Probability of having single or multiple comorbidity at the time of cancer diagnosis
The graphs depicted in Fig. 3 show the adjusted probability of patients having one of the nine most common comorbid conditions recorded (hypertension, COPD, diabetes, CHF, CVD, PVD, MI, obesity or rheumatological conditions) at the time of colon cancer diagnosis, either as a single comorbidity, or as one of multiple comorbidities, according to age at cancer diagnosis and deprivation group (the least and most deprived groups), as derived from multinomial logistic regression.
With the exception of COPD, there was little difference between the most and least deprived groups in the probability of having each of the conditions as a single comorbidity. Among those patients with COPD as a single comorbidity, the difference in probability between the most and least deprived groups decreased with age. The most deprived patients had a higher probability of having each of the conditions as one of multiple comorbidities compared with the least deprived group, with one exception (rheumatological conditions). Generally, the difference in probability between the two deprivation groups was greatest in older age: it peaked at approximately 80 years for hypertension, COPD, diabetes, PVD and obesity, while in patients with CHF, CVD, and MI the difference continued to increase with age. Having rheumatological conditions was not associated with increasing age or deprivation level.
Similar patterns in the probability of having a comorbid condition according to deprivation group were observed for patients with rectal or lung cancers (Additional files 2 and 3).
Our study is, to our knowledge, the first large-scale, population-based study describing comorbidity prevalence in cancer patient populations. Up to two-thirds of patients had at least one long-term health condition at the time of their cancer diagnosis, and around half of these comorbid cancer patients had multiple long-term conditions. There was evidence that many of the comorbid conditions we investigated were associated with socio-economic deprivation, and the most deprived groups of patients had a higher probability of having multiple comorbidities compared with the less deprived groups.
The choice of cancer sites we studied was based on aetiology of the cancer: three of the cancer sites (colon, rectum and lung) were associated with environmental risk factors including tobacco smoking [22, 23], alcohol use and diet [24, 25]. Furthermore, tobacco smoking is associated with certain conditions, such as COPD [26,27,28] and Type 2 diabetes [29, 30], and is also associated with socioeconomic position . HL is linked to infection rather than environmental factors .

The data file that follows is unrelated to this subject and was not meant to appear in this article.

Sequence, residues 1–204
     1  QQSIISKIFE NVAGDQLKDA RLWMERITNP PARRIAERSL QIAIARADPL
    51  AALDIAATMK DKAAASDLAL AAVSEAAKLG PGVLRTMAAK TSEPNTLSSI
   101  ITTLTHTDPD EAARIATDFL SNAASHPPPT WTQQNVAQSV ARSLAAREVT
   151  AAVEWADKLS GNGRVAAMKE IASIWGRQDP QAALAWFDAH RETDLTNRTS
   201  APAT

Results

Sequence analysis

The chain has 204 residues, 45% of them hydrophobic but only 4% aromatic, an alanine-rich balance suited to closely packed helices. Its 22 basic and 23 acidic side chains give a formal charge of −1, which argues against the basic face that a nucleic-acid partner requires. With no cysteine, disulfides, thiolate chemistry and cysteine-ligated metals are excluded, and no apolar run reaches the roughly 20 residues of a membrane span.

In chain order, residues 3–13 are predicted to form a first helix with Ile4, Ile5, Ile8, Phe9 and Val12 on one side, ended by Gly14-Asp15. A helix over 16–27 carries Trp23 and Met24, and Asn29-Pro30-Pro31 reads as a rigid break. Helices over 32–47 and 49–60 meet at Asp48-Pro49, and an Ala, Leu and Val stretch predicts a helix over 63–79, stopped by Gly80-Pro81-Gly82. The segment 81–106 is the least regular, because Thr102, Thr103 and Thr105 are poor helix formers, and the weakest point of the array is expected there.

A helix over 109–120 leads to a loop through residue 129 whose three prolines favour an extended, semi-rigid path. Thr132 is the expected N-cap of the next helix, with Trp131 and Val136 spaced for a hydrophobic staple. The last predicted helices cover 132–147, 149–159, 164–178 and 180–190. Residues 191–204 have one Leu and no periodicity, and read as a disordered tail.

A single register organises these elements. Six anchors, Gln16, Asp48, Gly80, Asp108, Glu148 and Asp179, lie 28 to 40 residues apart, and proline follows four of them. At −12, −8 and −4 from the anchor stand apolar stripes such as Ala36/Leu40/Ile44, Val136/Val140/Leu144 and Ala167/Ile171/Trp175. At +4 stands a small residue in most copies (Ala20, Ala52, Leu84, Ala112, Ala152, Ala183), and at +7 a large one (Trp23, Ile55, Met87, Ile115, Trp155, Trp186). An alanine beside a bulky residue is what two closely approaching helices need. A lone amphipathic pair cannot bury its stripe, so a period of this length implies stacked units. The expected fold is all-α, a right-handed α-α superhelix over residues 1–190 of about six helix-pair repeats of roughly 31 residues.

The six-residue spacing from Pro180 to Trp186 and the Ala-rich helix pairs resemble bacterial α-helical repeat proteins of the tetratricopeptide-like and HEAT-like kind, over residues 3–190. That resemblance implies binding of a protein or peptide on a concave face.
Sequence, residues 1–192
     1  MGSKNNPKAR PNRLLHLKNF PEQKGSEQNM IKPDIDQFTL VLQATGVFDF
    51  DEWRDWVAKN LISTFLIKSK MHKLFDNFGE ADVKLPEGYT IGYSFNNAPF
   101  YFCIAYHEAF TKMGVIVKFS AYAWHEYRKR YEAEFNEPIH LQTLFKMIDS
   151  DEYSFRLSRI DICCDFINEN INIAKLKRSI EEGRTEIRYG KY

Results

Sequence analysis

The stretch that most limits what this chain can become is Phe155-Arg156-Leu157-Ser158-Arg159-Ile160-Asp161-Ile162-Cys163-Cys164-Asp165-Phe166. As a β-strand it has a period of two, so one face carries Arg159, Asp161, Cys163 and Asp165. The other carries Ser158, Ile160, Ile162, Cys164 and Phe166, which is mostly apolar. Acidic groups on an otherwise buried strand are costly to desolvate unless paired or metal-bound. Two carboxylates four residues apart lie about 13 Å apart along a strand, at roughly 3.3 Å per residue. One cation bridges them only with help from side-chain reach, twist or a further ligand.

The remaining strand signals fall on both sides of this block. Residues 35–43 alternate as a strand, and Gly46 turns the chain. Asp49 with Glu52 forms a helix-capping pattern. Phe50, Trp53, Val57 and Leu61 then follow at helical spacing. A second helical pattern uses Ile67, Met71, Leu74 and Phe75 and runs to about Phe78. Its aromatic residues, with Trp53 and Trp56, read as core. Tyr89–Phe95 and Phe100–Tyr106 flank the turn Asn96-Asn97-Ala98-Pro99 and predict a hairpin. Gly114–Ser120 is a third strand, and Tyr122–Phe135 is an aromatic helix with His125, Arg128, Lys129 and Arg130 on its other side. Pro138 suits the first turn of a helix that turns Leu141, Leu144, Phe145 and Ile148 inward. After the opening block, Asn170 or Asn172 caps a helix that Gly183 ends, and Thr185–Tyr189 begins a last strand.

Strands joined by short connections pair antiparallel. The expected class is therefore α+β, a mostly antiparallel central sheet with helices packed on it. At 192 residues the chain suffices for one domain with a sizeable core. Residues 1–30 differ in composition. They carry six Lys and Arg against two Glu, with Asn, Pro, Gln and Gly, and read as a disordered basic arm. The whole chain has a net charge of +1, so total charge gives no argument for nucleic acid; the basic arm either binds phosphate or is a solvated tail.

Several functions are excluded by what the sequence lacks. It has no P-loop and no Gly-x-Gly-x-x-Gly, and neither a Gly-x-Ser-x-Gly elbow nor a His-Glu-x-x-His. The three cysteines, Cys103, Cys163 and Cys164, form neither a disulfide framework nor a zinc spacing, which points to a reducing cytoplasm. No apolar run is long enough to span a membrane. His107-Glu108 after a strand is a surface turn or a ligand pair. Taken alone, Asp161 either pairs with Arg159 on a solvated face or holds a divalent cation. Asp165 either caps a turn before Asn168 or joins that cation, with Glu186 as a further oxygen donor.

Hypertension, COPD and diabetes were the three most prevalent comorbidities in all four cancer patient cohorts, with a higher prevalence in the most deprived patients. The odds of having COPD from being in the most deprived group of lung cancer patients (compared with being in the least deprived group – the ‘deprivation gap’) was 10% more than the deprivation gap in the adjusted odds of having COPD in the Hodgkin lymphoma patients. This may be reflective of the role of smoking in the aetiology of both lung cancer and COPD, and the higher prevalence of smoking in the more deprived population. The association between smoking status and deprivation is not quantifiable in the cancer patient cohorts as we did not have information on smoking prevalence.
Similar work using administrative data to describe comorbidity in cancer populations has been undertaken in New Zealand  and in Spain . In the study of patients diagnosed with colon, rectal, breast, ovarian, uterine, stomach, liver, renal or bladder cancers in New Zealand (N = 14,096), commonly diagnosed comorbidities among colon and rectal cancer patients were hypertension, cardiac conditions and diabetes. In the Spanish cohort of colorectal cancer patients from the cancer registries of Girona and Granada (N = 1061), diabetes, COPD and CHF were the most common comorbidities. Comparing our study with the study in New Zealand, there were similarities among colon cancer patients in the age-sex adjusted prevalence of hypertension, while diabetes prevalence was higher in New Zealand. The adjusted prevalence of hypertension was 16.6%, uncomplicated diabetes was 5.9% and diabetes with complications was 5.0% among patients in New Zealand, while in our study the adjusted prevalence of hypertension was 17.4% and diabetes (with and without complications) was 5.7%. This supports our earlier assumption that less severe diabetes may be underreported in hospital admissions records. Given the ‘gatekeeper’ structure and functioning of the healthcare system in the UK  and the focus on managing diabetes within primary care , cases of diabetes recorded in hospital admissions are possibly those that are not controlled within available primary care resources  or present with complications. The Spanish study reported the crude prevalence of conditions among colorectal cancer patients, which were generally higher than the crude prevalence of conditions observed in our study. Diabetes was prevalent in 23.6% of colorectal cancer patients in this study, while in our study the crude prevalence of diabetes was 11.4% or 9.4% among colon or rectal cancer patients, respectively. Nonetheless, there was consistency between our study and both of these other studies in terms of common comorbid conditions among the patient cohorts.